be used because of the SEA (no space between the anode and cathode for a reference
electrode). CE was calculated using the ratio of the total coulombs produced during the
experiment to thetheoretical amount of coulombs consumed from the substrate as previously

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described.2 The chemical oxygen demand (COD) was measured using a low range (0−150
mg/L) HACH COD system (Hach Co., Loveland, CO).23 Internal resistance was
characterized using electrochemical impedance spectroscopy (EIS) under working cell
conditions (Rext = 1000 ).




Fig.1. Schematic of the MFC with (A) SEA configuration (B) Spaced electrode configuration

        The impedance measurements were taken from 100 kHz to 10 mHz by applying a sine
wave (10 mV) on top of the bias potentials with a potentiostat (BioLogic, VMP3). The ohmic
resistance was determined by reading the real axis value at the high-frequency intercept, and
the charge transfer and diffusion resistances were determined by fitting the EIS spectra with
semicircles.30,31

3. RESULTS

3.1. Current Production
        The SEA MFCs with three different anode thicknesses operated for more than 2
months (1 k fixed resistance) demonstrated stable and reproducible performance during
each fed-batch cycle. Representative current output curves are shown in Figure 2A. Even at
this high fixed resistance, there were current differences among the reactors operated in this
SEA configuration. The current was higher for the thickest anode material with 0.46 mA
(1.27 cm thick carbon felt), followed by 0.39 mA (0.64 cm) and 0.32 mA (0.32 cm). The
higher current densities for the thicker anode material appeared to be due to the sustained
highly negative anode potentials (Figure 2B). In contrast, the thinnest anode started out with a
highly negative potential, but this potential quickly became more positive, resulting in a
lower maximum current. It appeared that the MFC with the thinnest anode (0.32 cm) had a
more negative cathode potential (−244 mV) compared to those for the other two anodes
(−217 mV, 0.68 cm; −214 mV, 1.27 cm). However, this difference in potential could be due
to the placement of the reference electrode near the outer edge of these very thick anodes.
The rapid increase in the anode potential was likely the critical factor in the different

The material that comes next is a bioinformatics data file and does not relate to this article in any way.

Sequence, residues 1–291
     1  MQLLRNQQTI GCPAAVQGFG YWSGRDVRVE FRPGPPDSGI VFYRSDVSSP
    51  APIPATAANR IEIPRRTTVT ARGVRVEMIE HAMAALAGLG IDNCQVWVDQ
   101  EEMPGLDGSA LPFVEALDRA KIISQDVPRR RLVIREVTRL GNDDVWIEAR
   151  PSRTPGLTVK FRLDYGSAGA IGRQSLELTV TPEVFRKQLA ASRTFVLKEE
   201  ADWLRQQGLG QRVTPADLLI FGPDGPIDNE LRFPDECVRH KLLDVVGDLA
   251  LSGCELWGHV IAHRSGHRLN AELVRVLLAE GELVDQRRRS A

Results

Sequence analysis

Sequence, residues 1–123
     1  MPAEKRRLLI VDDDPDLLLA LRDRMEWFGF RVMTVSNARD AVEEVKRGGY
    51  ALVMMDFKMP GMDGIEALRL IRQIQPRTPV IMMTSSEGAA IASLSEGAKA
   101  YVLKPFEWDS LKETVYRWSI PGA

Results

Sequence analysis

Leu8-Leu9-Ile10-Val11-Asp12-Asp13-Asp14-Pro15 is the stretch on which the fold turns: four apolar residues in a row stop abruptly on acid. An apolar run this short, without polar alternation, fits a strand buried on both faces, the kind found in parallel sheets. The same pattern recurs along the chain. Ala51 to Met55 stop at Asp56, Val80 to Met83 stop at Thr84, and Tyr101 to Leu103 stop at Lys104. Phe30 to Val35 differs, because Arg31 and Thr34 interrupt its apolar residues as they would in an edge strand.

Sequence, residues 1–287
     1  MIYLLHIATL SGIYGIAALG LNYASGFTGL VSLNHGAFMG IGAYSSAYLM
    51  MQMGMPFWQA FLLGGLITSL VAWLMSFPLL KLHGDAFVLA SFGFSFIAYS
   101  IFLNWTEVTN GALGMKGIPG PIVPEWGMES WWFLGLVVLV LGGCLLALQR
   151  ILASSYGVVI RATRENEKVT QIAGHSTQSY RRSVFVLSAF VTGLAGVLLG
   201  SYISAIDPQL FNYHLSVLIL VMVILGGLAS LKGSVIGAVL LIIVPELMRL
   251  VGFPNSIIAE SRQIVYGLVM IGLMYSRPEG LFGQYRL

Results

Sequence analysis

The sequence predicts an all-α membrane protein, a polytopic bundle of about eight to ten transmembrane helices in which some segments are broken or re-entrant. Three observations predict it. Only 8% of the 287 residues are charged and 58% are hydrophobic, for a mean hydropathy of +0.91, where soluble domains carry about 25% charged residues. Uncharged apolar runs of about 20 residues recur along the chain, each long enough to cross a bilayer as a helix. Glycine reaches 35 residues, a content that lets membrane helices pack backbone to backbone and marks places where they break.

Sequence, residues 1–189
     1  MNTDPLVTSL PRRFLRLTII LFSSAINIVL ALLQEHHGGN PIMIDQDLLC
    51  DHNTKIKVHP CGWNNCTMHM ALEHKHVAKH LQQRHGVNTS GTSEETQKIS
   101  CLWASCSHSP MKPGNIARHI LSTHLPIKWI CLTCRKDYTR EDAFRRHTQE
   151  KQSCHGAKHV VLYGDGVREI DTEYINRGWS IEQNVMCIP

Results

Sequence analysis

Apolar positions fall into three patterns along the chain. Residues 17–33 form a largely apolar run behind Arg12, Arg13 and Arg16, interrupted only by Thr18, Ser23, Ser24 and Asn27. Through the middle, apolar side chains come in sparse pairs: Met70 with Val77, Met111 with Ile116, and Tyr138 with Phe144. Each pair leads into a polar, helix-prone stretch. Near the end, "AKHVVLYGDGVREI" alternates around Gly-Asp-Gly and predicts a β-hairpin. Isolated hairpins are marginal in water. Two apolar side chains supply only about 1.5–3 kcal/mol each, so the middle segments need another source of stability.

performance over time.

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        When these three different anodes were tested using a more typical configuration,
with the anode placed on the all three anodes produced other side of the chamber from the
cathode, similar currents (Figure 3B). The lowest anode potential (−454 ± 31 mV; Figure 3B)
was similar to that obtained with the best anodes with the SEA configuration (Figure 2B). In
all MFCs, the anode potentials remained similar to each other and highly negative, until the
end of the fed-batch cycle. These results show that the use of thicker anodes at a high external
resistance was only beneficial when the anode was placed directly against the cathode in the
SEA configuration. Thus, the adverse effect of oxygen leakage through the cathode was more
apparent for the thinner anodes but only when the anode was placed next to the cathode.




   Figure 2. Performance of the MFC’s with a SEA configuration in terms of (A) Current
            production (B) Anode potential and (C) Cathode potential over time

       COD removals were good (>85%) for all configurations (Figure 4). These COD
removals were only slightly less than that previously reported using the same medium with
brush anodes (>90%).32 CEs ranged from 19 to 23% in the normal configuration, widely
spaced electrodes, but higher CEs of 37− 50% were obtained with a SEA type of
configuration. The highest CE was obtained using the thickest anode (1.27 cm) in the SEA
configuration. These results with higher CEs for the MFCs with the SEA configuration than
widely spaced electrodes are consistent with previous results that using a separator increases
CEs.33 The CE was slightly lower with 1.27 cm anode than with other anode thicknesses for
SEA configuration, while the COD removal efficiency was highest.

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        Figure 3. Performance of the MFC’s with a spaced electrode configuration in terms
          of (A) current production (B) Anode potential and (C) cathode potential




            Figure 4 CE’s and COD removals with different anode thicknesses for SEA
configuration and control reactors where ‘C’ Represents “spaced electrode configuration” and
                ‘S’ represents “Seperator electrode assembly configuration”.

        This low CE might be due to a loss of substrate to microorganisms through aerobic
respiration.


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3.2. Maximum Power Densities
        The maximum power densities of the MFCs operated in the SEA configuration were
only slightly improved using thicker anodes (Figure 5). The maximum power density was
689 ± 16 mW/m2 (17 W/m3) for the thickest (1.32 cm) anode compared to 656 ± 6 mW/m2